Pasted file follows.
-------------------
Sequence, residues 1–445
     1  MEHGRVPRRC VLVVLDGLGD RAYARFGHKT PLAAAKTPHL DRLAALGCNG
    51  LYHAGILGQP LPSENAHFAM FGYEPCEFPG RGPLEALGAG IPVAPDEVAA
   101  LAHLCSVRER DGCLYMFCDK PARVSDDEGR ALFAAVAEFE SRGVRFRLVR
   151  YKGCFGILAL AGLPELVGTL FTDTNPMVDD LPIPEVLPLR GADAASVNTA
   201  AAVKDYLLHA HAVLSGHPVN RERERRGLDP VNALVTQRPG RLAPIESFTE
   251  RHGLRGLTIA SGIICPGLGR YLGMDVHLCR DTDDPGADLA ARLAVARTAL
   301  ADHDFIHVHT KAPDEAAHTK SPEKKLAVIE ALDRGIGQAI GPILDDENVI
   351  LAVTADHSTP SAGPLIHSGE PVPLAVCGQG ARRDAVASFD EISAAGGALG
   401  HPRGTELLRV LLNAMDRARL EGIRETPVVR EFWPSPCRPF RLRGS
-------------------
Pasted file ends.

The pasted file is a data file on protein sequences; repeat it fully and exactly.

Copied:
Sequence, residues 1–445
     1  MEHGRVPRRC VLVVLDGLGD RAYARFGHKT PLAAAKTPHL DRLAALGCNG
    51  LYHAGILGQP LPSENAHFAM FGYEPCEFPG RGPLEALGAG IPVAPDEVAA
   101  LAHLCSVRER DGCLYMFCDK PARVSDDEGR ALFAAVAEFE SRGVRFRLVR
   151  YKGCFGILAL AGLPELVGTL FTDTNPMVDD LPIPEVLPLR GADAASVNTA
   201  AAVKDYLLHA HAVLSGHPVN RERERRGLDP VNALVTQRPG RLAPIESFTE
   251  RHGLRGLTIA SGIICPGLGR YLGMDVHLCR DTDDPGADLA ARLAVARTAL
   301  ADHDFIHVHT KAPDEAAHTK SPEKKLAVIE ALDRGIGQAI GPILDDENVI
   351  LAVTADHSTP SAGPLIHSGE PVPLAVCGQG ARRDAVASFD EISAAGGALG
   401  HPRGTELLRV LLNAMDRARL EGIRETPVVR EFWPSPCRPF RLRGS